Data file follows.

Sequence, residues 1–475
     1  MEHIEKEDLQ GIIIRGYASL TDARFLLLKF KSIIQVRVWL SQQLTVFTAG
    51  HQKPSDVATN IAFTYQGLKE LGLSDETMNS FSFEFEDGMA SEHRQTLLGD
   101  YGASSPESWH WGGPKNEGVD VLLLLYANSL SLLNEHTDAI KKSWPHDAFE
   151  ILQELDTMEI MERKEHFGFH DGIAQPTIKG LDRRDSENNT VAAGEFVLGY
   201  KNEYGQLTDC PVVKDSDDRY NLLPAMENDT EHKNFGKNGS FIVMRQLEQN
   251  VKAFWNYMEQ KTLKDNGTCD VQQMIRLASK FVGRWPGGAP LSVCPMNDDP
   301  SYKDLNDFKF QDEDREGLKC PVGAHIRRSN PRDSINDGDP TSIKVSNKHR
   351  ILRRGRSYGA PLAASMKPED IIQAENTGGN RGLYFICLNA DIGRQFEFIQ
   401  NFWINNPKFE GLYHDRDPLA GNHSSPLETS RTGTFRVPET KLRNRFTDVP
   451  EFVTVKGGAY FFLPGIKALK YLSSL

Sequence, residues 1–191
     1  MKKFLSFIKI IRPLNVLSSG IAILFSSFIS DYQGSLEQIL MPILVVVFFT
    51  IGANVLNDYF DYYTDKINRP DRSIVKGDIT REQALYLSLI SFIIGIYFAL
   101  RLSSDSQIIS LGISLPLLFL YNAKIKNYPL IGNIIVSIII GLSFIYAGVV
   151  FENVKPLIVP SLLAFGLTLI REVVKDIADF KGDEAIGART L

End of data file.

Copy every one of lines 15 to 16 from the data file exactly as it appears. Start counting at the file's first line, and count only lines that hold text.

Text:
   101  RLSSDSQIIS LGISLPLLFL YNAKIKNYPL IGNIIVSIII GLSFIYAGVV
   151  FENVKPLIVP SLLAFGLTLI REVVKDIADF KGDEAIGART L